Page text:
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First Japanese in 90 years becomes Sovereign Order of Malta knight | The Asahi Shimbun: Breaking News, Japan News and Analysis


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A Kyushu University associate professor is studying ways to achieve a sustainable society, but he may be more famous as one of about 13,000 knights of the Sovereign Order of Malta.

Shutaro Takeda became the first Japanese to earn the title of a knight in nearly 90 years.

Also known as the Knights of Malta, the organization is an independent sovereign state without a territory of its own but has diplomatic relations with countries around the world.

Headquartered in Rome, the Sovereign Order of Malta provides medical and food assistance to areas of conflict and disaster.

Takeda, 34, has always wanted to help others.

Immediately following the 2011 Great East Japan Earthquake and tsunami, he took temporary leave from Kyoto University to work with the Ground Self-Defense Force as an interpreter for U.S. service members engaged in Operation Tomodachi, a disaster relief effort off the coast of the Tohoku region.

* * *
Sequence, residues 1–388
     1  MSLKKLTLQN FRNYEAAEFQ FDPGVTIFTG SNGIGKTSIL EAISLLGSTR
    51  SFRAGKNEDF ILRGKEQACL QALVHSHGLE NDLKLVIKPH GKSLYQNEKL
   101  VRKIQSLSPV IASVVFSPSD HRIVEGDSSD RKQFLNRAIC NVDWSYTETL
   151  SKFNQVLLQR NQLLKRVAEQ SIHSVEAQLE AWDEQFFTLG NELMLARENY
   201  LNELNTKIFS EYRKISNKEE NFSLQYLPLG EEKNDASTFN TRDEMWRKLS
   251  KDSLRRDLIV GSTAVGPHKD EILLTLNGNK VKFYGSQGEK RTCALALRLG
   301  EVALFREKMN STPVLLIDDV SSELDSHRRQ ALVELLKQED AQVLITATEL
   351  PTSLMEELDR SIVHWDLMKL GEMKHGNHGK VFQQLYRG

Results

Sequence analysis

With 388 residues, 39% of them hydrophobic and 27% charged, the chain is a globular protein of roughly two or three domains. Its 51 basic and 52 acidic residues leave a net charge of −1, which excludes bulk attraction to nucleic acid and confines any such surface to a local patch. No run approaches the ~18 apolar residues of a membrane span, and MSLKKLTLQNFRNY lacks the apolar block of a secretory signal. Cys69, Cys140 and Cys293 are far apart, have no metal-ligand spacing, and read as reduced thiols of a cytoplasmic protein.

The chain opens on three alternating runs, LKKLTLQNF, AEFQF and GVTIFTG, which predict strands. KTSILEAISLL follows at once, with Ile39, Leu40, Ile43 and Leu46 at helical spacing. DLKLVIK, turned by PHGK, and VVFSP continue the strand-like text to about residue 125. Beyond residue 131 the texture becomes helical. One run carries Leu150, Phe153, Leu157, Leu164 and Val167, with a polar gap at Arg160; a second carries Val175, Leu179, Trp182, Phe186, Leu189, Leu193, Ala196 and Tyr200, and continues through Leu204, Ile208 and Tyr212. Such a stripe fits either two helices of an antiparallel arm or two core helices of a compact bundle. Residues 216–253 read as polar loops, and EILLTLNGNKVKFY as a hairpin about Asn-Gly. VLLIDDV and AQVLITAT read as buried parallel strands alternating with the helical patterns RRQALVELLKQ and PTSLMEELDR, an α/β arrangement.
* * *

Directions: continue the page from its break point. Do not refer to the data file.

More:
Subsequently, he was dispatched to Bangladesh as a Japan Overseas Cooperation Volunteer of the Japan International Cooperation Agency.

What he saw there were children suffering from poisoning in an agricultural village where the underground water was contaminated with arsenic.

He helped dig a well, but it wouldn’t immediately improve the lives of the villagers, who were living in poverty.

Takeda was overcome with a feeling of helplessness, feeling too small to make a difference.

While in search of emotional support, Takeda eventually learned about cavalierism.

The Knights of Malta date back about 1,000 years, when they served others in battlefields.

Three years ago, Takeda translated “La Chevalerie,” a book about the origins of cavalierism and its philosophy, into Japanese.

Takeda has also provided personal computers to poor households and served as an online learning instructor.

Such efforts attracted the attention of the Sovereign Order of Malta.

While he was working in Vienna as a United Nations staff member, he was repeatedly invited to dinner by several knights and asked what he would do in Japan if he were a member.

The meetings were, it transpired, a series of interviews.

The title of knight cannot be obtained through a self-recommendation or by applying.

Candidates must be Catholic and have engaged in philanthropic activities. They also need recommendations from those who are already knights.

“Cavalierism is a way of life that focuses on how one should contribute to the society,” Takeda said. 

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